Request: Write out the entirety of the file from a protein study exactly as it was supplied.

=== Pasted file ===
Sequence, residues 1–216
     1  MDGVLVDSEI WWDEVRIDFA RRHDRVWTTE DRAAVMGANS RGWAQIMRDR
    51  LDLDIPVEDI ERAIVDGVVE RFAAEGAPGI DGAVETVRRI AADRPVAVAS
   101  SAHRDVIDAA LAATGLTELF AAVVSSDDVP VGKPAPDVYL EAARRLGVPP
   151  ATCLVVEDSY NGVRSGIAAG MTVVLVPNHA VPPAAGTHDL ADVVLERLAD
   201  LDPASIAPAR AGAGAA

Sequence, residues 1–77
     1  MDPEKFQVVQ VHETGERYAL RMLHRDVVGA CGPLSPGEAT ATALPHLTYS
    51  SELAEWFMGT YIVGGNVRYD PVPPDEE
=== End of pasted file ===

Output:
Sequence, residues 1–216
     1  MDGVLVDSEI WWDEVRIDFA RRHDRVWTTE DRAAVMGANS RGWAQIMRDR
    51  LDLDIPVEDI ERAIVDGVVE RFAAEGAPGI DGAVETVRRI AADRPVAVAS
   101  SAHRDVIDAA LAATGLTELF AAVVSSDDVP VGKPAPDVYL EAARRLGVPP
   151  ATCLVVEDSY NGVRSGIAAG MTVVLVPNHA VPPAAGTHDL ADVVLERLAD
   201  LDPASIAPAR AGAGAA

Sequence, residues 1–77
     1  MDPEKFQVVQ VHETGERYAL RMLHRDVVGA CGPLSPGEAT ATALPHLTYS
    51  SELAEWFMGT YIVGGNVRYD PVPPDEE